George Ehling, Mosaic House
7110 Woodrow Wilson Drive, Los Angeles, California, 90068, United States
About the Artist/Site
George Ehling was as complex as the mosaic patterns he creates. Until his death at age 89, he worked alone as he had for 47 years: piecing together thousands of bits of scavenged tile to cover a castle-sized home. Ehling’s mosaic work is distinctive for its overwhelming scope, but also for its playfulness. He was a master “mash-up artist;” like a modern DJ, he incorporated classical patterns with modern scrap tile to produce a wholly new language. He cross-pollinated architectural references and global geometric syntax, making an ancient visual grammar buzz with potential.
Ehling purchased his 4500-square foot Mediterranean-style castle in 1967 with a $9,500 down payment from his father. The spectacular view from the upper floors overlooks the steamy San Fernando Valley and the distant but distinct HOLLYWOOD sign.
If Tressa “Grandma” Prisbrey and the Alhambra had a baby, it would be Ehling’s environment. Ehling worked alone, allowing help only for grouting and rock-setting. He stated with pride, “Not one other person has set a single piece of tile on this house.” He began by trying the “random tile setting, but that was before I knew just what I was doing. That was in my infancy.” Soon, like jazz improvisation, Ehling began riffing on tradition. Here, a twisting meander of Roman border; there, an optical illusion borrowed from an Islamic tradition. A mad array of tile and glass bottles feel right at home within the vibrant geometric patterns. Any surface might contain scraps of hand-glazed iridized blue tile, angular bits of outdated kitchen floor tile, authentic Mexican Talavera, and a batch of leftover bathroom tiles deposited at the curb by a well-meaning neighbor.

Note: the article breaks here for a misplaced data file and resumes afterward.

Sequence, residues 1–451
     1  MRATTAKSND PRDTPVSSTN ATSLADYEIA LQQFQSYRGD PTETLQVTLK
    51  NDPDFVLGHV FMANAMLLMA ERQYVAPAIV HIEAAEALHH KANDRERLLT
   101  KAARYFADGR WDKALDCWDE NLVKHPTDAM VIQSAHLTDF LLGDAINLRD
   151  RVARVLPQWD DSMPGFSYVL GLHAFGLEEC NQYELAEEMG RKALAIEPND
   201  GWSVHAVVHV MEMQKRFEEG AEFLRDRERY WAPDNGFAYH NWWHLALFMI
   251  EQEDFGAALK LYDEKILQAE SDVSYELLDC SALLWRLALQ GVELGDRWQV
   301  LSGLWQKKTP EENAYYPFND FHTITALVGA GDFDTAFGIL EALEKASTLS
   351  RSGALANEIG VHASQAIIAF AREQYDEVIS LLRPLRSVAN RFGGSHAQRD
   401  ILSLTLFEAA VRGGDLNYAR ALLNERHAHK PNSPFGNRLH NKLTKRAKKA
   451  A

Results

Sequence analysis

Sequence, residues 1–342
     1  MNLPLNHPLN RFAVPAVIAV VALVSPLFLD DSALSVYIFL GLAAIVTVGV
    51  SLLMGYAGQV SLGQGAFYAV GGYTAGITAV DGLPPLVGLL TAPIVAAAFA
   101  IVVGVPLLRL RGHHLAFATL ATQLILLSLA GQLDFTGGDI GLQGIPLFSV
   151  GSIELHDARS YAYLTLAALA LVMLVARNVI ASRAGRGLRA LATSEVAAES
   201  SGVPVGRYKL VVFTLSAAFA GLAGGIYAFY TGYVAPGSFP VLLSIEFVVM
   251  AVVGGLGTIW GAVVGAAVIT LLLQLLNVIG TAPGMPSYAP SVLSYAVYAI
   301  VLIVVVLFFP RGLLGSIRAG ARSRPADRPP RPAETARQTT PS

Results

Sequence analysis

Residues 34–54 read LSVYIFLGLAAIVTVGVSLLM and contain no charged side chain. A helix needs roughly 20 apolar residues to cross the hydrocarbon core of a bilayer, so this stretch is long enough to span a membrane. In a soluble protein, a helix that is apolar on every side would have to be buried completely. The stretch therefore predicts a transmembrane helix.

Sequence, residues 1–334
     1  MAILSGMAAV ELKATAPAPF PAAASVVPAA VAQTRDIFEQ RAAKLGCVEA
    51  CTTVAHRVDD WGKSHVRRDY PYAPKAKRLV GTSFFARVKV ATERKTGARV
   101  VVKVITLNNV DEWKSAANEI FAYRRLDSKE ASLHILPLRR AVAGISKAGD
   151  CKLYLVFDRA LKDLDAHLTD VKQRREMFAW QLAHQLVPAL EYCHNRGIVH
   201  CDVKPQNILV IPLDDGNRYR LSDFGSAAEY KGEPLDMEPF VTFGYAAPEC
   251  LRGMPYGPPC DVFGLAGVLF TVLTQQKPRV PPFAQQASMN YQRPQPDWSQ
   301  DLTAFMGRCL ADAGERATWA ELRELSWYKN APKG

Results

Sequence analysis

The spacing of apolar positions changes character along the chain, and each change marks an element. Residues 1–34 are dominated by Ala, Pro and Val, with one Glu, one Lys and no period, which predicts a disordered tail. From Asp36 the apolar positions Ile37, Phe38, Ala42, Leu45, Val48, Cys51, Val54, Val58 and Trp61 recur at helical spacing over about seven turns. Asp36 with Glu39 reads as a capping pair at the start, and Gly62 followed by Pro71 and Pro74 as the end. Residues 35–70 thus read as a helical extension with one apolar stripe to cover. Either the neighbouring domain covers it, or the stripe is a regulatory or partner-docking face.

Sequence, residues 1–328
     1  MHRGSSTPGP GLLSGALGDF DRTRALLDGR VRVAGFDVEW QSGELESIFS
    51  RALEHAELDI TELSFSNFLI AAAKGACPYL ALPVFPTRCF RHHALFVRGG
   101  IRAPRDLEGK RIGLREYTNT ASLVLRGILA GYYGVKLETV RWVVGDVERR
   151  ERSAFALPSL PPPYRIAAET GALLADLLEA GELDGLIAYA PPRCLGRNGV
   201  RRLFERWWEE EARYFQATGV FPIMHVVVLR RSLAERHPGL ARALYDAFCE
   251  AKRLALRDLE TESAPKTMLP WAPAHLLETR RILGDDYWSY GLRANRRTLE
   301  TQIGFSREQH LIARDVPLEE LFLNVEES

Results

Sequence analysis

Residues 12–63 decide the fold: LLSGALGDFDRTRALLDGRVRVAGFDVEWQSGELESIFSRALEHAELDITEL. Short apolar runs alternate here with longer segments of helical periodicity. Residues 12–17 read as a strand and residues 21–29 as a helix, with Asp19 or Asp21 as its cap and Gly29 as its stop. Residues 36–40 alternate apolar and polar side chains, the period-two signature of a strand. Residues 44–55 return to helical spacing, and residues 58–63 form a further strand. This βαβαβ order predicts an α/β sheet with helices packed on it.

His capacity for interpreting pattern was mind blowing. He reworked ancient patterns, assimilating disparate materials to accommodate his thriftiness, ultimately transcending time and place. But Ehling didn’t just copy ancient patterns: he used the geometrics in his own voice. He would carefully study a Cosmati floor from Venice, for example, and in true scavenger style, re-envision it with hundreds of green and blue glass bottles, carefully sliced on his beloved wet saw. He improvised while always staying true to a pattern’s origins. What he reproduced, with absolute fidelity, was the underlying structure, the unseen grammar that determines form and sets its style. Ehling drew on his memory and understanding of pattern play: repeat and reiterate; cut one shape, reveal another, then use that shape to create yet another set of repeating patterns. The same design appears with opposite colors—the remnants of one section may have inspired the setting for another. Every cut piece was saved and categorized in buckets: useable. The interlocking geometrics always worked together. One could say that the house is a kind of “sacred space” in its strong resonance with the world’s most revered visual traditions, as the complex patterns amalgamate into one alchemically charged architectural vision.